CANTABRIGIANS MAY SOON GAIN some new legal protection from second-hand smoke. The Cambridge City Council heard testimony last week on a proposed law that would ban smoking in public places and limit it in the workplace. The law would not apply to dormitories or to restaurants, which are already required by a city ordinance to reserve at least one quarter of their seats for non-smokers. The council ought to make the new proposal law as soon as possible. It will provide welcome relief for the city's non-smokers without making unreasonable demands on those who smoke.
Opponents of the proposed law, who have called it an invasion of individual rights, have gotten their arguments backward. What right is more basic: to indulge in a personal pleasure that injures anyone in the vicinity or to breathe clean air? The proposal would disallow smoking only when other people are involuntarily affected--in workplaces employers and employees could still agree to set aside areas for smoking. In places where passersby have no choice but to breathe the air, it is hardly unreasonable to prohibit an activity that presents such a known hazard to the public health.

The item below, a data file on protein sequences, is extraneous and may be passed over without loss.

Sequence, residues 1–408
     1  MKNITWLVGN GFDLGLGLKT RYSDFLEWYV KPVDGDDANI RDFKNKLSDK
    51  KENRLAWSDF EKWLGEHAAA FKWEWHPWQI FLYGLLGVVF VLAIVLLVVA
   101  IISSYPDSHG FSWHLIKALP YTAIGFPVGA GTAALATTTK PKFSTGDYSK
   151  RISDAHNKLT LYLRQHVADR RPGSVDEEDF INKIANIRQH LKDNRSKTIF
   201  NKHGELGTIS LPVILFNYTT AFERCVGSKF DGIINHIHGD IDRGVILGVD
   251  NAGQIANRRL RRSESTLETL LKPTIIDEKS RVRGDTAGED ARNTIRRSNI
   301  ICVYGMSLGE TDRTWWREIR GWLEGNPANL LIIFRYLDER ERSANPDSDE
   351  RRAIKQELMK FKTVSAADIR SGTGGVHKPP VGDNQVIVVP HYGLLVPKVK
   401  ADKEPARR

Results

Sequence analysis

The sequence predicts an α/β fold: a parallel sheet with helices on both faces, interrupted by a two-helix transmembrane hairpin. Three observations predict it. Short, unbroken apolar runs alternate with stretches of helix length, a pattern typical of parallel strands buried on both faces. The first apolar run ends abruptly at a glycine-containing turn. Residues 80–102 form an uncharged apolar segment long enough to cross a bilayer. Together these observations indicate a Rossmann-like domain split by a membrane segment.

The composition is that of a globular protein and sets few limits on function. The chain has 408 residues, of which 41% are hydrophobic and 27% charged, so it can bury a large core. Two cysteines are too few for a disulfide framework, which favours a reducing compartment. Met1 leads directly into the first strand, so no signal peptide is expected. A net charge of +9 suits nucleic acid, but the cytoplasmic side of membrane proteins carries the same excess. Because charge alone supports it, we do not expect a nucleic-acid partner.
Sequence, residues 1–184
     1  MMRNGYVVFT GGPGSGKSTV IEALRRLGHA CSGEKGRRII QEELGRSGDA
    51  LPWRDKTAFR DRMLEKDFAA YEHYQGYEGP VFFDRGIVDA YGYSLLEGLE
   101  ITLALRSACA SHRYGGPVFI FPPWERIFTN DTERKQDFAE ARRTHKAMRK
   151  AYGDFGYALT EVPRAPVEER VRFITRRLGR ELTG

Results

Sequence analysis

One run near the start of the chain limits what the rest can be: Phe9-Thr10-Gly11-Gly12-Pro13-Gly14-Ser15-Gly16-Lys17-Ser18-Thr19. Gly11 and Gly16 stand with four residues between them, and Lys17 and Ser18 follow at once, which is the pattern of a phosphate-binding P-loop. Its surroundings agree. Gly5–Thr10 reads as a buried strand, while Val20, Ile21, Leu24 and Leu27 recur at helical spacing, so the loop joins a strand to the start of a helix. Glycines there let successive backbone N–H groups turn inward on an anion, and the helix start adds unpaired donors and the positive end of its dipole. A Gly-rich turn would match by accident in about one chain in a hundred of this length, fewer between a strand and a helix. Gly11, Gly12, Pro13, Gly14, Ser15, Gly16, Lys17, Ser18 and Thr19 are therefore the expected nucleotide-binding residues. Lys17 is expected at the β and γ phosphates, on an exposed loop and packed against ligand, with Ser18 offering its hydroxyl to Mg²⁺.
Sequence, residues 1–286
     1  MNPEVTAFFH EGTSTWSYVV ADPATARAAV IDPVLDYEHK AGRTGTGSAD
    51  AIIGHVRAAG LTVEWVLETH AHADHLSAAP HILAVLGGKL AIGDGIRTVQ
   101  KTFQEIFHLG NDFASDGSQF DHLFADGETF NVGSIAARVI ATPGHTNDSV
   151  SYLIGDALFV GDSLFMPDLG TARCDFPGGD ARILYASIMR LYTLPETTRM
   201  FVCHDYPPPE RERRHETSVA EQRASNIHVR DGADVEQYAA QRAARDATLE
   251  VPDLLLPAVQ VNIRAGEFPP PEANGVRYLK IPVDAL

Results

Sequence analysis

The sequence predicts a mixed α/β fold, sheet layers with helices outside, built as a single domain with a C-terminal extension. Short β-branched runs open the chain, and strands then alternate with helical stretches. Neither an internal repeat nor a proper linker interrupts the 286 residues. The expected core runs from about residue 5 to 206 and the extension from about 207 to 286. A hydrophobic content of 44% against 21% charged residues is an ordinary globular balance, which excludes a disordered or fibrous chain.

A recent report prepared for the National Research Council found that numerous studies "persuasively link" passive smoking to lung cancer in non-smoking spouses of smokers. Chronic exposure to tobacco smoke in the workplace is also deleterious to the health of non-smokers, according to a 1980 study in the New England Journal of Medicine. Passive tobacco smoke is America's most dangerous airborne carcinogen and is estimated to be two orders of magnitude more harmful than carcinogens currently regulated as hazardous air pollutants under the Federal Clean Air Act.
The time when tobacco lobbies can credibly defend unrestricted smoking as a vital personal liberty is long past. Passage of a smoking ban in Cambridge will finally recognize the more fundamental rights of people not to be involuntarily poisoned. We hope it will set a standard for the nation to follow.
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